“FREE JOHN, A TERMINALLY ILL INDIGENOUS MAN, FROM IMMIGRATION DETENTION BEFORE HE DIES, Receiving palliative care should be an experience of comfort, with family in attendance and every care offered as a life draws towards a close.  For one elderly First Nations man, however, this section of his life’s journey is encompassed by stress, legal wrangling and separation from his loved ones, including his partner who is a member of the Stolen Generation.”

Petition (Change the Record): Change the Record - Free our future!
Add your name to the petition demanding that our government stops punishing people who can't make ends meet. We call on all sides of politics to commit to strong and self-determined Aboriginal and Torres Strait Islander communities, by providing:

  • Vital Aboriginal-run support services across legal, family violence, disability, family supports, youth and women
  • Robust social safety net & income support with fair conditions
  • Safe & well maintained public housing
  • No offences that target people who are living in poverty

We know addressing poverty will help to free Aboriginal and Torres Strait Islander people and end mass-incarceration.”

Petition (Edmund Rice Centre): Demand action on Indigenous Incarceration
“In 1991, the Royal Commission into Aboriginal Deaths in Custody released its report. The Commission had been established in 1987 to examine 99 Indigenous deaths in custody between 1980 and 31 May 1989. The Commission’s key finding was that the deaths were due to the combination of police and prisons failing their duty of care, and the high numbers of Indigenous people being arrested and incarcerated. About 40% of the report’s 339 recommendations relate to social factors that now form the basis for the Close the Gap reports, including youth policy, education, alcohol, health, employment, housing, land rights, self-determination and reconciliation. However, the majority of the 339 recommendations have not been implemented and many of the recommendations have only been implemented on a piecemeal and ad-hoc basis. In 1991, Indigenous people constituted 14% of the prison population. Today they make up 27%. Urgent action must be taken now[.]”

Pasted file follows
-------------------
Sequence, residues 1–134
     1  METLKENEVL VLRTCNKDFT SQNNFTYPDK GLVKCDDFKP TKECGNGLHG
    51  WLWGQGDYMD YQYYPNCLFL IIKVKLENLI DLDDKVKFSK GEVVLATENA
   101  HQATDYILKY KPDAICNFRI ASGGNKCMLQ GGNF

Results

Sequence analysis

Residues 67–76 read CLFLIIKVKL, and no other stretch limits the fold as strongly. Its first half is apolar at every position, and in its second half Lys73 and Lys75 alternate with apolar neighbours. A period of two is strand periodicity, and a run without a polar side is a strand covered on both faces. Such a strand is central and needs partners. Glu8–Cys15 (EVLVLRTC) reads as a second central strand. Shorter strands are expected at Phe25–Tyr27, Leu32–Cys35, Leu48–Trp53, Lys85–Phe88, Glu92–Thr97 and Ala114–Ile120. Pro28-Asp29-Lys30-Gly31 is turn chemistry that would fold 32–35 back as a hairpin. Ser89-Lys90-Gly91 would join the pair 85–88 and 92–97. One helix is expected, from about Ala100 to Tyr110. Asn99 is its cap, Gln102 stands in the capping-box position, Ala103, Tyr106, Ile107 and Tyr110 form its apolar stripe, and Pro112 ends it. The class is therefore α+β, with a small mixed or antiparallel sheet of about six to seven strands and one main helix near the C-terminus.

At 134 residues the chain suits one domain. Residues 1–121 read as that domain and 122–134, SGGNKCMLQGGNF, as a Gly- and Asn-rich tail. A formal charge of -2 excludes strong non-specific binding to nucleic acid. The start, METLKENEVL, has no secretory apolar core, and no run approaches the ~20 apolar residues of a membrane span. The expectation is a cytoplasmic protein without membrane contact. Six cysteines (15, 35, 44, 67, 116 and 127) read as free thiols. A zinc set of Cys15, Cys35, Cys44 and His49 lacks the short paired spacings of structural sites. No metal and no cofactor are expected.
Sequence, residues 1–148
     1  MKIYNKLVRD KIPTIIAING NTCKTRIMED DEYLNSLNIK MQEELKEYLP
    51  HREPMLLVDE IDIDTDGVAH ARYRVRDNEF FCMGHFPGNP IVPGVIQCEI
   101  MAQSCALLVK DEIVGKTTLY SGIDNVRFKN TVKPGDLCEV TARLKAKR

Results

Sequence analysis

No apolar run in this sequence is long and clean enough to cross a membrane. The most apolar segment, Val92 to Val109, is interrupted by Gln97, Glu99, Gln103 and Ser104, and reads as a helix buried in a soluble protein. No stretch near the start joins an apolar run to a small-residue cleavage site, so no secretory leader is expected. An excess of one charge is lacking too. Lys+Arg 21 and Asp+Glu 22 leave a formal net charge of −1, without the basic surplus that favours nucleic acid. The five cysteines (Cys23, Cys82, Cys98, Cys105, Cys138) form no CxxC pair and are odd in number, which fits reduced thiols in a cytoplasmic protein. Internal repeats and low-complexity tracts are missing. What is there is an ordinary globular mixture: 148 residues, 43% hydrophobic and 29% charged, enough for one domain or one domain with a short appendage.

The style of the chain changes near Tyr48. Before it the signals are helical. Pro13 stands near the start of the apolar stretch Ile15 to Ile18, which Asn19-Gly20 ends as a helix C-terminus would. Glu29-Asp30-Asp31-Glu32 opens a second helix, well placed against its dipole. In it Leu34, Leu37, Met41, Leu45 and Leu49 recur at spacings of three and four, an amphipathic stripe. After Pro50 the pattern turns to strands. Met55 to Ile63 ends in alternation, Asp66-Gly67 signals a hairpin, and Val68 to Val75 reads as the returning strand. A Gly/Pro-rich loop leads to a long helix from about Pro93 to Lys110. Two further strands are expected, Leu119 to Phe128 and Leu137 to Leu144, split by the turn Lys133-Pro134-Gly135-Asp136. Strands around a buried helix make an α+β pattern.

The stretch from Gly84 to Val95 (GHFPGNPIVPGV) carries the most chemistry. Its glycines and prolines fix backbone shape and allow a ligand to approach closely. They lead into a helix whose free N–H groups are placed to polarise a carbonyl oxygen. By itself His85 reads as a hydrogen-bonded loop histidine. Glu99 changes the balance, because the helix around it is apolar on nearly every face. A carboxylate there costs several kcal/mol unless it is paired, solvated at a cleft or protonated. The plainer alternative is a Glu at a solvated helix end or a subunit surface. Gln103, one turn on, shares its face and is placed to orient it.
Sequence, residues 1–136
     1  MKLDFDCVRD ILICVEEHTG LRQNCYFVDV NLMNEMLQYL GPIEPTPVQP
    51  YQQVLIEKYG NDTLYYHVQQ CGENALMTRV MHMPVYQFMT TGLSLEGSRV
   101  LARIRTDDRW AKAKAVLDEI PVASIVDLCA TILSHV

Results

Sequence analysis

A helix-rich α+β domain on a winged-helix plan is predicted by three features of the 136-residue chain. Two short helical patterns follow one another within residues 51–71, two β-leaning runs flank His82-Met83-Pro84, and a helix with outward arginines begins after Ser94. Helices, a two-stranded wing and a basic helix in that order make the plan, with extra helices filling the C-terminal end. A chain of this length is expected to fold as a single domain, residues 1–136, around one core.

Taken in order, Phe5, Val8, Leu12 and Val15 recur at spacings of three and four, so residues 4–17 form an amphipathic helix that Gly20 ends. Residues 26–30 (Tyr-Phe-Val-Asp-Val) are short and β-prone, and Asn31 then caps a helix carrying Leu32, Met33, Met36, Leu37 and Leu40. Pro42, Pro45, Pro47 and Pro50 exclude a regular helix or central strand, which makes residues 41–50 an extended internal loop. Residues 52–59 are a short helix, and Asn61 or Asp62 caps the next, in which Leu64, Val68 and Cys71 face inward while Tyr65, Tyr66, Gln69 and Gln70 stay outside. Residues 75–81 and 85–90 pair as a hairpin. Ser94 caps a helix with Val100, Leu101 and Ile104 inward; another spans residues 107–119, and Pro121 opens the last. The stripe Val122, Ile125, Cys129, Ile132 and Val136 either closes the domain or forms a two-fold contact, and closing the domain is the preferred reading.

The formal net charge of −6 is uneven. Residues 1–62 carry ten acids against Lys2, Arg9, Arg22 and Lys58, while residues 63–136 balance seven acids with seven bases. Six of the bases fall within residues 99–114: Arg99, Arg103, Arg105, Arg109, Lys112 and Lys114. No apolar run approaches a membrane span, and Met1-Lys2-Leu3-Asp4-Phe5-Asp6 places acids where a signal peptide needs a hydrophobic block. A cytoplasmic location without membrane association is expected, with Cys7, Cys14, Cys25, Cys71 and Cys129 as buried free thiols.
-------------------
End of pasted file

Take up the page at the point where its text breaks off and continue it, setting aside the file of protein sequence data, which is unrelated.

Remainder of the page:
Petition (GetUp!): Take a Stand Against Deaths in Custody
We need broad sweeping change, but first we need to hold all State governments to account with an independent audit of the Royal Commission's recommendations. Sign the petition calling for action to prevent further deaths in custody.”

invasion day

Petition (Tell the Truth): Invasion Day 2020
“As Australians, we all want a day on which we can come together as a community. January 26 is not that day. It’s time to acknowledge the truth about our shared history, listen to First Nations people when they tell this truth and be part of addressing the contemporary consequences of invasion and the intergenerational trauma, the resulting dispossession and marginalisation that is part of our unfinished business.”

Petition (ANTaR): Sea of Hands Pledge not to celebrate Australia Day on January 26th
ANTaR is joining with others to campaign for change, and momentum is starting to build. In August 2017, Yarra Council in Melbourne voted to no longer recognise January 26 as Australia Day. Darebin Council followed a few weeks later. A few weeks after that, Chief Minister for the Northern Territory Michael Gunner called for significant changes to Australia Day, rightly noting that it was a date of mourning for many Aboriginal and Torres Strait Islander people. Rather than simply accept the holiday, you could take the opportunity to attend and participate in one of the Invasion or Survival Day events around the country. For example, each year, ANTaR supports and participates in the Yabun Festival in Sydney. It is a great opportunity to celebrate Survival and to acknowledge the truth of our shared history.”

uluru statement from the heart

Petition (ANTaR): Joint Statement in Support of a First People Voice in Parliament

Giving First Nations peoples a say in the decisions that affect their lives will provide an opportunity for doing things differently and more productively, by simply listening to the advice of people who are affected, and by allowing First Nations peoples to claim their rightful place in the nation. We support First Nations peoples' Uluru Statement from the Heart. We call on the Australian Parliament to make this a national priority.”

land rights

Petition (Kate Gane):Protect sacred Djab Wurrung birthing trees from expansion of the Western Hwy by Vicroads
Sacred Djab Wurrung birthing trees are due to be cut down by VicRoads any time now. Some of these trees are over 800 years old and have birthed more than 10,000 Djab Wurrung babies. A blockade and embassy to protect this sacred cultural heritage has been set up to stop the planned removal of 3000 trees, including 260 large old growth trees.”

Petition (Lloyd Diggins) Hold Rio Tinto accountable for the destruction of Juukan Gorge cave

health inequality

Petition (First Peoples’ Health and Wellbeing): Victorian Aboriginal lives matter - demand funding for First Peoples' Health and Wellbeing

Aboriginal and Torres Strait Islander people in Victoria deserve the highest quality healthcare. Sign the petition to show that Victorian Aboriginal and Torres Strait Islander health matters too.”

aboriginal flag

Petition (Clothing the Gap): Change the licensing agreement around the Aboriginal Flag #PrideNotProfit